Tuesday, September 14, 2010

How old are you-really?

Hi all. Here I am with my regular Sunday evening blog, right on time as usual. NOT! Sorry for the delay, but personal circumstances intervened.
Last week's topic seemed to strike a chord with a number of you. I really appreciated all the comments, which ranged from an affirmation of my own to some rather disparate views; all valid and succinct. Thank you all.
This week I'd picked a topic and Craig Buck's comment from last week affirmed it; the question of age. I'm going to put my own take on this right up front this time. My spiritual age (or, if you prefer, creative age) has nothing to do with the degree of degradation my physical body has endured. After saying that, let me hasten to say that I believe there are factors that do age one, creatively.
After ruining one perfectly good marriage, I jumped right into another, totally ignoring psychologists' advice. We're still together forty two years later. Not that there haven't been bumps along the way; there have. Some serious ones and some not so serious. Because I believe that the totality of my existence is what feeds my creative mind, I'm certain that the disparity in ages between my mate and myself accounts in some measure for my ability to still sound relevant after all the chronological years I've accumulated.
My wife is sixteen years younger than me. Yes, I was one of those dastardly college profs who married his student. It cost me a career and put my sweetheart at a distinct disadvantage for years, but out of it has come a romance that could well be a successful novel, and two bright beautiful daughters who continue to make us proud. Beyond that, I can still relate to younger people, though that is fading and I'm near the end of my creative value as a fiction writer. Well, maybe not, but the world is changing so fast it's hard to keep up any more.
So I'm a septogenarian with a creative drive that's late fifties and a spirit that knows no age limitation. When I was five, I looked up into the night sky at all the twinkling stars and thought, 'somewhere up there is my real father.' Don't get me wrong; I had wonderful parents that I loved and I knew I was their progeny, physically. But I had this 'knowing' inside that my inner being belonged somewhere beyond Earth's bounds; a heady thought for a five year old.
Do any of you recall having mature thoughts while you were still children? My guess is that you did, even if you don't remember it. Now I'd best get this posted before my aging body refuses to leave my comfy chair. So, how old are you?


  1. The new 'It' girl Betty White is 88 and she's on Facebook and the Twitter as she calls it. So my feeling is we are all vital until the very last second when they close the cover down over our heads. Never stop writing fiction Pat. We need you...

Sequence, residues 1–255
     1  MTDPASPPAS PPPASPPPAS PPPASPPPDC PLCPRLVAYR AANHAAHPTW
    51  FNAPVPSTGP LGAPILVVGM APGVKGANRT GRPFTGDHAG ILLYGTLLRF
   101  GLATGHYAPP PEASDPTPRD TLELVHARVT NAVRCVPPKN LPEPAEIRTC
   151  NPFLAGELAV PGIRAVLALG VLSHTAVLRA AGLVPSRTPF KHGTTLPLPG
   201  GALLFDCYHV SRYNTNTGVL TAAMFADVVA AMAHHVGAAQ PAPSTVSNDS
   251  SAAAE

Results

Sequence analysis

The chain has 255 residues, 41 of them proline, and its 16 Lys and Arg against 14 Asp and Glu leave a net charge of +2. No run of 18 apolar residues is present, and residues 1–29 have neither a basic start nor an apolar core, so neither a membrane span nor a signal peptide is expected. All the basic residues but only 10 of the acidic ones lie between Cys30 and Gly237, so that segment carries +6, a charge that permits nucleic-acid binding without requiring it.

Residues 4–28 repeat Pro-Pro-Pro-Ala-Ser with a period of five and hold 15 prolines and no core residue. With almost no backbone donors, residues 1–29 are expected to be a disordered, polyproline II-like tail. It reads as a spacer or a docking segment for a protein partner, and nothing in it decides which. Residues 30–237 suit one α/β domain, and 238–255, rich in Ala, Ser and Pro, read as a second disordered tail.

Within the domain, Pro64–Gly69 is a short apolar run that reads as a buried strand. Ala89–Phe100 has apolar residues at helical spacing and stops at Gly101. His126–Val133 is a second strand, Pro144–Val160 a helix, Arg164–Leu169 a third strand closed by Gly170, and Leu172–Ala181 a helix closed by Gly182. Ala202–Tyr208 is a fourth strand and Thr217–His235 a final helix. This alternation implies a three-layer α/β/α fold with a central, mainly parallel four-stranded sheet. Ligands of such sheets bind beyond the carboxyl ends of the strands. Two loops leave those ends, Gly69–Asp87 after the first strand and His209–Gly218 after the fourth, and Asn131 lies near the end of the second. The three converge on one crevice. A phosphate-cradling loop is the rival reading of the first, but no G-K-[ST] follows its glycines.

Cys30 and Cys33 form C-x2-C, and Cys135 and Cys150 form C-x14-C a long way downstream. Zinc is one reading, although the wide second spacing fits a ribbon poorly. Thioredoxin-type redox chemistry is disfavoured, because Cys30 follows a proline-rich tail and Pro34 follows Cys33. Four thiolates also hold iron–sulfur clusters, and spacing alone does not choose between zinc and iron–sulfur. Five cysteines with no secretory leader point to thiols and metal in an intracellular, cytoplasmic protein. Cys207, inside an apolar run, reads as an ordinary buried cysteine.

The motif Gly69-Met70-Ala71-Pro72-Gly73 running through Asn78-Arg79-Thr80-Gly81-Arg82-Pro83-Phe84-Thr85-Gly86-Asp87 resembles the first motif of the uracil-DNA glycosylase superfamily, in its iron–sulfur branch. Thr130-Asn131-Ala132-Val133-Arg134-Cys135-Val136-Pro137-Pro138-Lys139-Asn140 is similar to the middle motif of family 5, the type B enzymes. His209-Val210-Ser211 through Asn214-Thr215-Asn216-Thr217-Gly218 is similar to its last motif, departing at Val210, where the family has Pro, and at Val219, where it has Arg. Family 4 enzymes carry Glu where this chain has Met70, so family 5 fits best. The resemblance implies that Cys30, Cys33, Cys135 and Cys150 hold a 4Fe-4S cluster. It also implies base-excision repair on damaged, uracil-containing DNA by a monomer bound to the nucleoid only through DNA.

2. Funny - my last book was about a young lawyer romancing his former next door neighbor, who felt guilty and thrilled...oh, I hate watching my parents stumble around. I really did just turn 49 and prefer to write about the lost generation - the ones who are not sweet young somethings or Betty White's.

  3. Hi, Mary and Lisa. Thanks for commenting. This AM I'm faced with an age hangover. Too little sleep and too much to do, so I'll just tread water for an eon or so. LOL
    How do you guys feel about writers of long fiction also doing poetry? My path to creativity has been more or less a switch-back road up a cliff. Maybe down a cliff. I started as a music composer, symphonic stuff and arrangements for college bands. I'd always written little poems, usually non-rhyming, but had never taken them seriously, just like the stories I'd write and discard. When I began writing novel length fiction, it was something of a break-through for me.
    My first ever book is one hundred sixty six thousand words; actually turns a sharp bend at the mid-point, so it could be two books I suppose. A poem at the beginning and another at the end, with poetic prose in the middle.
    Really, I think all my experience with music has enabled me to write such diverse forms. If one follows thematic development, with sub themes and such, it is fairly easy to come up with coherent longer stories.
    I'm rambling, I know, and you guys must think me some kind of kook. Oh, I have a question for you, Mary. I noted your dogs in the picture on the boat. Mind telling me the breed? I'm a dog fancier and have taken on the care and feeding of an unusual canine. He talks. Well, other than the lack of an articulating tongue, he does. This fellow will sit beside us and utter long phrases of dog-talk, using his eyebrows to emphasize his meaning (whether we get it or not). He's a big guy and half Great Pyrenee, half Alaskan Malamute. Those big white guys of yours intrigue me.
    Funny thing, Lisa, I saw Betty White on Fox this morning and she actually sounded her age. Somewhat comforting, since I'm not far behind her. LOL
    Pat Dale